• After a 30-year absence, resin tints and pinlines return on custom longboards

  • Natural materials like Agave Cactus are used for surfboard blanks with epoxy resins

  • Small (7’0″) solid, heavy wood boards with footstraps become standard big wave tow-in surfing

  • Karl Pope reinvents the two-piece travel board, “The Bi-Sect”

  • Soft surfboards make a comeback with Surftech’s soft-top technology

  • The typical tow-surfing board is down to 7′ x 15″ with lead for extra weight


Astrodeck Surfboard Traction pads

Kelly Slater Surfboard

Lisa Andersen & Al Merrick 1990-95

Pope Bisect Travelboards


6.7 billion

305 million


Loaf of bread: $1.72
Gasoline: $1.52 per gallon
Movie admission: $6.50

Style is a natural extension of who you are as a person.

~ Mark Richards


  • Retro board designs from the late 1960s and 1970s are re-evaluated and become very popular

  • Bob “The Greek” Bolen of Huntington Beach invents the Turbo Tunnel Fin

  • Hydro Epic produces a hollow carbon fibre and epoxy resin surfboard series

  • Randy French is voted one of Surfer Magazine’s 25 Most Powerful People in Surfing

  • Clark Foam’s closing is a catalyst for the greatest era of surfboard manufacturing diversity in years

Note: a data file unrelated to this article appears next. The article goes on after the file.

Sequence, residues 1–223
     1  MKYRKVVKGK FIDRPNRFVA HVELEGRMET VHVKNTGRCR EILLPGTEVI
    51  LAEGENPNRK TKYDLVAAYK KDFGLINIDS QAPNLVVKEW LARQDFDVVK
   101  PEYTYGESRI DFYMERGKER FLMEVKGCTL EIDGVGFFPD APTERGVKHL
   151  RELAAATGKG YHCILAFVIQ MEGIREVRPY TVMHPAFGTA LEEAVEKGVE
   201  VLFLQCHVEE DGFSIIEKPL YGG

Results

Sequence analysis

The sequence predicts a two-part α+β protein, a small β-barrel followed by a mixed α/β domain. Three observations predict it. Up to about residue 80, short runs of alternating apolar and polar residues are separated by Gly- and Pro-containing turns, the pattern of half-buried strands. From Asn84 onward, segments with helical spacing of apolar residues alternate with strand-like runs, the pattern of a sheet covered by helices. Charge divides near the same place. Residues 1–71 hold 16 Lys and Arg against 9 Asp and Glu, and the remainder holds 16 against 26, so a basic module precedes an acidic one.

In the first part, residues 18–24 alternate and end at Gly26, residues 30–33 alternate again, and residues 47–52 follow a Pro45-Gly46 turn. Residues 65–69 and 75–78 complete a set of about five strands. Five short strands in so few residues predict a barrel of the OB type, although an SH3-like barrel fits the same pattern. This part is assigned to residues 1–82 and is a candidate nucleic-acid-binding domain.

• Ocean-X constructs prototypes for a transparent skin, polycarbonate surfboard series

  • SurfTech has 10,000 TufLite boards in 150 different flavors in their Huntington Beach warehouse

  • Hemp, bamboo, flax and other natural materials are tried as a replacement for fiberglass cloth

  • The Ron Jon Surfpark project is shut down after millions of dollars fail to produce a wave

  • Kelly Slater wins the Pipe Masters on a 5’11”, four-fin surfboard later called “the Wizard Sleeve”

  • After almost three decades of tri-fin domination, four fin designs begin to make inroads

  • Nathan Fletcher adapts his small wave four fin Stretch models to big wave four fin guns


Bob ‘The Greek’ Bolen

Turbo Tunnel Fin

Tow-In and SUP (Stand Up Paddle)

The Future Fins


6.9 billion

309 million


Loaf of bread: $2.49
Gasoline: $2.73 per gallon
Movie admission: $6.50

An invention has to make sense in the world it finishes in, not in the world it started.

~ Tim O'Reilly


  • Scientists equip a board with an accelerometer, and other gauges. They find surfers experience up to 5 g’s

  • Kelly Slater wins the Teahupoo Pro on a four-fin. Later, he wins the U.S. Open at Huntington Beach, also on a four-fin

  • Shane Dorian wins the XXL Ride of the Year Award riding a monster Peahi peak on a John Carper four-fin gun

  • Global Surf Industries layers fiberglass and hand-laid coconut husks to create a surfboard that is 25 percent lighter

  • At the inaugural ASP Big Wave Tour event held at Pico Alto, Peru, 99% of all competitors ride four-fin gun designs

  • Mick Fanning wins the J-Bay Pro in epic conditions riding a Thruster virtually unchanged since 1981

  • Shapers now targeting volume and over-all water displacement (not dimensions) for performance shortboards

  • Surfboard and Fin flex is being seriously studied for future board designs and materials

  • Soft surfboard decks being developed to reduce impact on surfers ankles and feet of aerial landings


Kelly Slater with five fins surfboard

Shane Horan on McCoy surfboard

Mick Fanning

Mick Fanning at J-Bay Pro